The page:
Becalmed Hokkaido prays for G8 wind

Communities across prefecture hope benefits reach beyond Lake Toya


TOYAKO, Hokkaido — Lined with traditional merchant homes, wholesalers and other historical buildings dating to the 17th century, Inishie (Antiquity) Street stretches 1.1 km from north to south in the Japan Sea coastal town of Esashi in Hiyama, southwestern Hokkaido.

When Toshinori Kameya, director general of the Hiyama Municipal Office, learned Hokkaido will host the Group of Eight summit from July 7 to 9, he thought his town, about a three-hour drive from the summit venue, shouldn’t miss out on the chance to promote itself.

“We want to use this opportunity to attract (both foreign and domestic) tourists in the region,” Kameya said.

Hiyama enjoyed prosperity in the Edo Period and Meiji Era, when trade thrived in Esashi, known for its herring fishery. But times have changed.

The area’s economy has stagnated, its population of about 47,000 is aging and the agricultural and fishery sectors are down. Another key industry — construction — was dealt a blow by the cutbacks in rural public works projects in line with the structural reforms of Prime Minister Junichiro Koizumi.

“We want to perform the ‘Esashi Oiwake’ folk ballad for the state banquet (at the G8 summit) to let the world know about our cultural heritage,” Kameya said, referring to a folk song for local fishermen that dates back some 200 years.

Hiyama is one of many Hokkaido communities banking on the summit to boost their economies at a time when the prefecture is struggling to share in the country’s economic growth. The summit is expected to bring an economic windfall of about ¥38 billion to local businesses.

The Windsor Hotel Toya, which sits on a hill in Toyako, was chosen as the summit venue, so the hot-springs town and neighboring areas hope the event will give them an opportunity to promote their regional products and culture to an international audience.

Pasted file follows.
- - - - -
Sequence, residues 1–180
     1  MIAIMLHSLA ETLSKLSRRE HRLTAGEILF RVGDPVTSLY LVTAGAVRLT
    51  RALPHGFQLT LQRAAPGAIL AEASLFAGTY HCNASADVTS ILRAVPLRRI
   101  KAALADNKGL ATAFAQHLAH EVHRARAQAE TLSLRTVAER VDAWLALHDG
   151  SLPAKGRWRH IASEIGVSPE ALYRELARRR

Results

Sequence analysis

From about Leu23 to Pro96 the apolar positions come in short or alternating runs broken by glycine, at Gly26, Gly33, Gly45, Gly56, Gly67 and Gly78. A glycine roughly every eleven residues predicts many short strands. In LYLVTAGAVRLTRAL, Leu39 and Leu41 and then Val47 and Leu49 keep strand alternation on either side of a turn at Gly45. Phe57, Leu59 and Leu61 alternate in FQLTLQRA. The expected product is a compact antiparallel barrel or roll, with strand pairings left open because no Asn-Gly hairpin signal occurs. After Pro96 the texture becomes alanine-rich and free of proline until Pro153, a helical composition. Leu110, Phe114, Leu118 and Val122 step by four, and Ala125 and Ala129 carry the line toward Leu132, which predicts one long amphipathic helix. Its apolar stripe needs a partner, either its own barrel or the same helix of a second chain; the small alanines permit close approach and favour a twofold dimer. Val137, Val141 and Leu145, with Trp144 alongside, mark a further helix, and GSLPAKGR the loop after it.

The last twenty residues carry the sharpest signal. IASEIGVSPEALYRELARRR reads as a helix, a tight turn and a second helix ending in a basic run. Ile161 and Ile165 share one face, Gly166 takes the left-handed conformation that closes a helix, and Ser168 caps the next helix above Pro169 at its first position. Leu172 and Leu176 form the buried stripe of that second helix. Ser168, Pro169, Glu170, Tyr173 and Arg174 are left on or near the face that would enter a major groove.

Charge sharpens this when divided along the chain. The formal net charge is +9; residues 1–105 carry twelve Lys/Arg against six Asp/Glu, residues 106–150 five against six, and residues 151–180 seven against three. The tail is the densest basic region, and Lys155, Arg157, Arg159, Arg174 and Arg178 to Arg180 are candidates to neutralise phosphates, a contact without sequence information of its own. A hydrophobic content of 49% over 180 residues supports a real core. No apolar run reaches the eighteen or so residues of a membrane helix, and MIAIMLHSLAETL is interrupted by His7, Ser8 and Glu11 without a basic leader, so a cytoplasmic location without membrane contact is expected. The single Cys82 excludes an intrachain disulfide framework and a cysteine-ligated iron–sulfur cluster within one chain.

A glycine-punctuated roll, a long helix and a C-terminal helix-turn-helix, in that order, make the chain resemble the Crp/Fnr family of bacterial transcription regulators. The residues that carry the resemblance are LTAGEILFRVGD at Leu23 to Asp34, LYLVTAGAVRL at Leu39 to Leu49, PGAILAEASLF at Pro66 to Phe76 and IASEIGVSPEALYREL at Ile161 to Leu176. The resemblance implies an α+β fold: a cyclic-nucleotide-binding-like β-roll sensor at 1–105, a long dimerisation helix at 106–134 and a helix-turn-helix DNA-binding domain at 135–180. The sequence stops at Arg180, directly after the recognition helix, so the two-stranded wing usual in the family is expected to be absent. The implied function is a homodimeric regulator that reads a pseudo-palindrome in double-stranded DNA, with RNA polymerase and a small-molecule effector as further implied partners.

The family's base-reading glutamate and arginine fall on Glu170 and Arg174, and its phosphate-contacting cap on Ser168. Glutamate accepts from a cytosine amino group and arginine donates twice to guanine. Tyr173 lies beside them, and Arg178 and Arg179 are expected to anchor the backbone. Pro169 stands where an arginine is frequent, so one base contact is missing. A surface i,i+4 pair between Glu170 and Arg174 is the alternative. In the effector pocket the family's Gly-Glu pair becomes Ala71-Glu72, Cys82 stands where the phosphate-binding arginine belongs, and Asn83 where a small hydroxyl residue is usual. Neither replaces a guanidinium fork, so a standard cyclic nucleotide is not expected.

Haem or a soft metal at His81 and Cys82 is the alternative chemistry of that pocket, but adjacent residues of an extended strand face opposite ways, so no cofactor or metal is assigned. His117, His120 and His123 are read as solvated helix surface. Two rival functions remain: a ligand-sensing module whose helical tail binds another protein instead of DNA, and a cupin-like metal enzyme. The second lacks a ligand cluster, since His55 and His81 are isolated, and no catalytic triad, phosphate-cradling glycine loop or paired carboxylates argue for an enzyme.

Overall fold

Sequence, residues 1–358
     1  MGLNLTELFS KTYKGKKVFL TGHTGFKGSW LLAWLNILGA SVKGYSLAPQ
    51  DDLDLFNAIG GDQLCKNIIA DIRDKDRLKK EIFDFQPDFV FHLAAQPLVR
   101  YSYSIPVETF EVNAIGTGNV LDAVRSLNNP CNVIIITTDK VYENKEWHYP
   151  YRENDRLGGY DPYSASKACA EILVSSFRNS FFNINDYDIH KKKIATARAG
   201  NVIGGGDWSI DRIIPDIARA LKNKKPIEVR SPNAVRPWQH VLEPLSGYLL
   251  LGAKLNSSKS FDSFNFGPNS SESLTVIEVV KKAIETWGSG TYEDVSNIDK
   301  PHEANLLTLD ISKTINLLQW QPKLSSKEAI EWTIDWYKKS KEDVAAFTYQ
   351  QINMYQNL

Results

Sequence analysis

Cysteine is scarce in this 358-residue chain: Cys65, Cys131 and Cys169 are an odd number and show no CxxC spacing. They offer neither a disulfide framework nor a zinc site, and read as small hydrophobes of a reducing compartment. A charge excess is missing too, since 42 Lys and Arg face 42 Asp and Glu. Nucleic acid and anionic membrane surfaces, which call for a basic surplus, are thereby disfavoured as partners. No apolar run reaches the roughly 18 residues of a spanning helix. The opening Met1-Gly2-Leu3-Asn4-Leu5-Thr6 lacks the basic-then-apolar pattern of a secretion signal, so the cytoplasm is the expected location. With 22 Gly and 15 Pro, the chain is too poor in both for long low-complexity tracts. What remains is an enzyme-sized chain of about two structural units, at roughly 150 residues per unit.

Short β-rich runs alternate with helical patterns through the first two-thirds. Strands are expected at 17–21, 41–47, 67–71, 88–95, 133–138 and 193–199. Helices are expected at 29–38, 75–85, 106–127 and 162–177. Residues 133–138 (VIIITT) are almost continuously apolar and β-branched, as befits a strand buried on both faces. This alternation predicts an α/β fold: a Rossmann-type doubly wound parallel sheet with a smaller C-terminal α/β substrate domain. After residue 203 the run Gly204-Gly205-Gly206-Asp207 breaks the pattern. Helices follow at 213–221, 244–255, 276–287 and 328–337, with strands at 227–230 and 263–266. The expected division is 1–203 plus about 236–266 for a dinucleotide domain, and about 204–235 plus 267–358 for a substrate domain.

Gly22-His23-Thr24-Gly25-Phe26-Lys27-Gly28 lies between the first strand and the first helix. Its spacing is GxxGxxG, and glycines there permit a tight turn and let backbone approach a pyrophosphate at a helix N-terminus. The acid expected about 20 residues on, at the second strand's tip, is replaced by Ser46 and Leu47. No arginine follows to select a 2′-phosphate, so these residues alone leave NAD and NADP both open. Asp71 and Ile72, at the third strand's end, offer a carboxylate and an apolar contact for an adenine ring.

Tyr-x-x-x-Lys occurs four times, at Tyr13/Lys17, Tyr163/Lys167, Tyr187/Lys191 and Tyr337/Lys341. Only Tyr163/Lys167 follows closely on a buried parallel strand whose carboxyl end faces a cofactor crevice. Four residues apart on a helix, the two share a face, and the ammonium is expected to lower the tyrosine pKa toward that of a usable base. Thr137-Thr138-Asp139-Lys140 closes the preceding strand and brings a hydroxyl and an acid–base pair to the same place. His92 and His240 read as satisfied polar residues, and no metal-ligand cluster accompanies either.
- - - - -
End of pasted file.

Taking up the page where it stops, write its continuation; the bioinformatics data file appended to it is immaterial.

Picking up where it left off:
“Foreign tourists in Toyako are mainly from Taiwan, South Korea and China. We hardly see visitors from Europe and the United States,” Mayor Yoshio Nagasaki said.

“We have to use this opportunity as the host town of the summit to attract people from Western countries,” he said, noting efforts are afoot to put up signs in English.

The Windsor Hotel, where the G8 leaders will stay, boasts sweeping views of Lake Toya on one side and the Pacific Ocean across the town of Toyoura on the other. Other inns in Toyako will accommodate the other summit delegates.

Toyoura Mayor Kunio Kudo is not only pushing the central government to supply the summit with its pork and strawberries — the town’s specialties — but also to promote the local scenery.

“The view from the Windsor Hotel is not only about the view of Lake Toya. Customers on the ocean side can view the ocean spreading behind our town and a fantastic sunset from their rooms,” Kudo said, adding he is urging the government to consider alternating the rooms of the leaders between the two sides.

The Hokkaido Toyako Summit Preparation Council, a public-private entity, and the government are organizing trips for foreign journalists to promote tourism in the prefecture.